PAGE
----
Date of this Version
From Textiles in Trade: Proceedings of the Textile Society of America Biennial Symposium, September 14–16, 1990, Washington, DC
This outline is taken from ray as yet unpublished book on The English Silk Industry 1700-1825, and especially from the chapters on raw silk and the distribution of the woven material. In addition, I have widened the scope for this talk to discuss the subject more generally. In terms of general economic history the quantities of silk produced and sold are minuscule but there are a lot of instructive points to be made which are of general importance - as well as some very pretty objects. The latter are "documents" in the French sense as well as works of art - a point that many people have heard me make only too often. One aspect which I shall state now and, no doubt, several more times in different ways is that we must understand for what a particular fibre was used and how that use may change. Since for all clothing and furnishing there were, effectively, four fibres this should seem self-evident but it does not always seem to be. On the other hand, statistics compiled in a period when in no sense were they compiled scientifically or objectively I prefer to treat with great caution. They can point research in a useful direction but not much more. The Customs compiled yearly statistics of imports and exports in the Port Books now in the Public Record Office in London , They used the great pound, however, and an out of date Book of Rates. So what ? The statistics did tell me to which countries English silks were exported and which were the most important markets, of which more anon.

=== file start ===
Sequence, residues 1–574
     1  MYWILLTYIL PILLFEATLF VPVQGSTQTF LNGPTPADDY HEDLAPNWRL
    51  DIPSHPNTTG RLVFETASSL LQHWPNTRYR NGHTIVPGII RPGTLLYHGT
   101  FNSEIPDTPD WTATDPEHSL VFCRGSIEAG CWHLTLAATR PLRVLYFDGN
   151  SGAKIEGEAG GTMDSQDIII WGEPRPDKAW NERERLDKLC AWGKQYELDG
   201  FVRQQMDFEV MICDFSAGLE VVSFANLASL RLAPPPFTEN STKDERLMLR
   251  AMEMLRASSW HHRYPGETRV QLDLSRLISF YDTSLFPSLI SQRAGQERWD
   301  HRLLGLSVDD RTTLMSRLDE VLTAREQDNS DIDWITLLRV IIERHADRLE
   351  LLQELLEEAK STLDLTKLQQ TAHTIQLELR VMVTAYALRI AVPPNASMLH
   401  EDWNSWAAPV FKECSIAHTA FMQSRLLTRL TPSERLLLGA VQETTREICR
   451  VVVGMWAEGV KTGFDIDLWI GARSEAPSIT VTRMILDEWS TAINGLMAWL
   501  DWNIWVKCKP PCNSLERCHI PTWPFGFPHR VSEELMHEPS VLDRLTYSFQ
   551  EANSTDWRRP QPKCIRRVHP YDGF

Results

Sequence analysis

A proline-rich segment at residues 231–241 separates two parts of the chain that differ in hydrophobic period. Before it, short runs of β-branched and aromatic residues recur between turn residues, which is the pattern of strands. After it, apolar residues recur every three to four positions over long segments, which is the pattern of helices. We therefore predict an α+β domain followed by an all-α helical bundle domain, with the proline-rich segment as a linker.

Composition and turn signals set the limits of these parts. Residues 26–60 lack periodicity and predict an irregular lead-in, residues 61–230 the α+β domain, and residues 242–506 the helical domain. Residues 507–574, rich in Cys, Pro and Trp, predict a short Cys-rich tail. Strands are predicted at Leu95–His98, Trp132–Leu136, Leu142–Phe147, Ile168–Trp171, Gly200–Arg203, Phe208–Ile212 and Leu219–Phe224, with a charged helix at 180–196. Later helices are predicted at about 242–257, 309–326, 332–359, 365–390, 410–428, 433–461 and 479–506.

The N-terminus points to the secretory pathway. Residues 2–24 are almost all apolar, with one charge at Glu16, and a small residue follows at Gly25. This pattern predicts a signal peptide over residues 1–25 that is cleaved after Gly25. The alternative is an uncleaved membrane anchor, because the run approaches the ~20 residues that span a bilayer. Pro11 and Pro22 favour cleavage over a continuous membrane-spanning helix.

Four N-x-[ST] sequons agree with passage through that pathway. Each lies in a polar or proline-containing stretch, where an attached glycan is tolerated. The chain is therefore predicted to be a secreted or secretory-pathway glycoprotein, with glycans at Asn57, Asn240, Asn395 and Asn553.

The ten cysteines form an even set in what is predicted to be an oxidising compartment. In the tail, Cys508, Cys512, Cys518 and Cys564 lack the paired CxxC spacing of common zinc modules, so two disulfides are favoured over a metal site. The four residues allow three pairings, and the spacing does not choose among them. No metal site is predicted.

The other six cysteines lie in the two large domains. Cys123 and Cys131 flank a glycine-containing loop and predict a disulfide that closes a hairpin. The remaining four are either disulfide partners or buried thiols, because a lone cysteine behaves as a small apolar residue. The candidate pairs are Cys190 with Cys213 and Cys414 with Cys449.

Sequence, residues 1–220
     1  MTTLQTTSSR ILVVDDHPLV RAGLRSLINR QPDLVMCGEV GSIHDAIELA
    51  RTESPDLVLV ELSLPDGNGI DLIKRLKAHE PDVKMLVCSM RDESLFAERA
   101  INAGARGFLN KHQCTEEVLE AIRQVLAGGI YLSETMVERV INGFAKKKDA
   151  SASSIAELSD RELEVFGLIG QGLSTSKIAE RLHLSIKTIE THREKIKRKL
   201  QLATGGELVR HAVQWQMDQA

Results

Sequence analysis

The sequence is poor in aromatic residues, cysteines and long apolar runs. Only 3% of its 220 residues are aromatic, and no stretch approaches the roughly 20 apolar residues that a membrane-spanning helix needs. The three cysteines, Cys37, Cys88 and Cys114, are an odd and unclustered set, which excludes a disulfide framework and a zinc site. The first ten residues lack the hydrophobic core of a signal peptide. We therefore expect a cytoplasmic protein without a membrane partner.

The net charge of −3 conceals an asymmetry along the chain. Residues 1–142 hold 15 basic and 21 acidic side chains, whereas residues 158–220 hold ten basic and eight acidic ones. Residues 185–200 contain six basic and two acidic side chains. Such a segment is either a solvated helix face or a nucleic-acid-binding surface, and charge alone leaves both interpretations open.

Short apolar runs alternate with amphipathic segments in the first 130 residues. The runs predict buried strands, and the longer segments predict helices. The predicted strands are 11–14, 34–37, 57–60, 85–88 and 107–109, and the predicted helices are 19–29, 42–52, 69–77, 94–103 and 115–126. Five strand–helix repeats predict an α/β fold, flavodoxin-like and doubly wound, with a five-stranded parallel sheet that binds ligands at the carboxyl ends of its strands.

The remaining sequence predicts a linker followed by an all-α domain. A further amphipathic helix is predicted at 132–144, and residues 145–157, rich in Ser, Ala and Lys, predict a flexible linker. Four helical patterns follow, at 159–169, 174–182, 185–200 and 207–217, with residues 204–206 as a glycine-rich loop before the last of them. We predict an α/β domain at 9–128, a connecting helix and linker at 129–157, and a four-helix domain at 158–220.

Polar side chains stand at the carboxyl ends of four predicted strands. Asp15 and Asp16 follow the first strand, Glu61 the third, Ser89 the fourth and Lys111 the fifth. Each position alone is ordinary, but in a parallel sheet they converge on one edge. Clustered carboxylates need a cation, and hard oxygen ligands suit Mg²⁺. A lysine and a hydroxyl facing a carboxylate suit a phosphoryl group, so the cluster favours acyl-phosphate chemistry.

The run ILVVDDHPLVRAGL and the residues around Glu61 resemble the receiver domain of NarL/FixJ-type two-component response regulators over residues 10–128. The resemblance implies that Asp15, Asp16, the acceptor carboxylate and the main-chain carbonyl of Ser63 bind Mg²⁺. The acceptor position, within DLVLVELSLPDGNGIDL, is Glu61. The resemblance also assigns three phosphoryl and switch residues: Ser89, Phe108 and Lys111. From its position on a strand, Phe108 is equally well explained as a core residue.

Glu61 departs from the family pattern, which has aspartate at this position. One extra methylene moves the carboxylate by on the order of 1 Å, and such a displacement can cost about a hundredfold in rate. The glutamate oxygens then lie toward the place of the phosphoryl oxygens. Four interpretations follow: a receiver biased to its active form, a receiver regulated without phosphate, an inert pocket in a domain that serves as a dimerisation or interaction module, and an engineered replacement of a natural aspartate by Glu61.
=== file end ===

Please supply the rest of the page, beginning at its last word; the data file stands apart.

Sources of raw silk: The Harp
Even at this first stage an appreciation of the real object is of great importance. The silk for the warp had to be of higher quality than that for the weft since it took the strain of the loom in weaving. Not every country which grew silk could produce a suitable quality. In the 17th-18th century there were two main sources. The first was China and it was imported into Europe with other goods by the English, French and Dutch East India Companies. The quality was usually excellent but it arrived spasmodically  making it difficult for silkmen and weavers alike. The second and more important source was Piedmont , an easy market for Lyon in the second half of the 17th century but as the English industry expanded competition in Piedmont between the French and English grew increasingly tense - and the price rose . Raw silk was also exported from Spain in the first half of the 18th century but it is not clear whether it was intended for the warp or the weft. Some silk was exported already thrown as organzine . The pressure of demand led both countries to look for other sources in the 18th century. The English tried growing silk in Georgia and South Carolina but although the climate was suitable slave labour was not.  The white mulberry cannot be grown in Northern Europe as a commercial enterprise. Whether or not the myth is true that James I of England encouraged the planting of mulberries is irrelevant because what grows nicely in England is the red mulberry , delicious for humans but not for silk worms. The French were much more practical and began to grow silk in Provence where both labour and climate were suitable. This did not entirely satisfy their needs but reduced French dependence on Piedmont.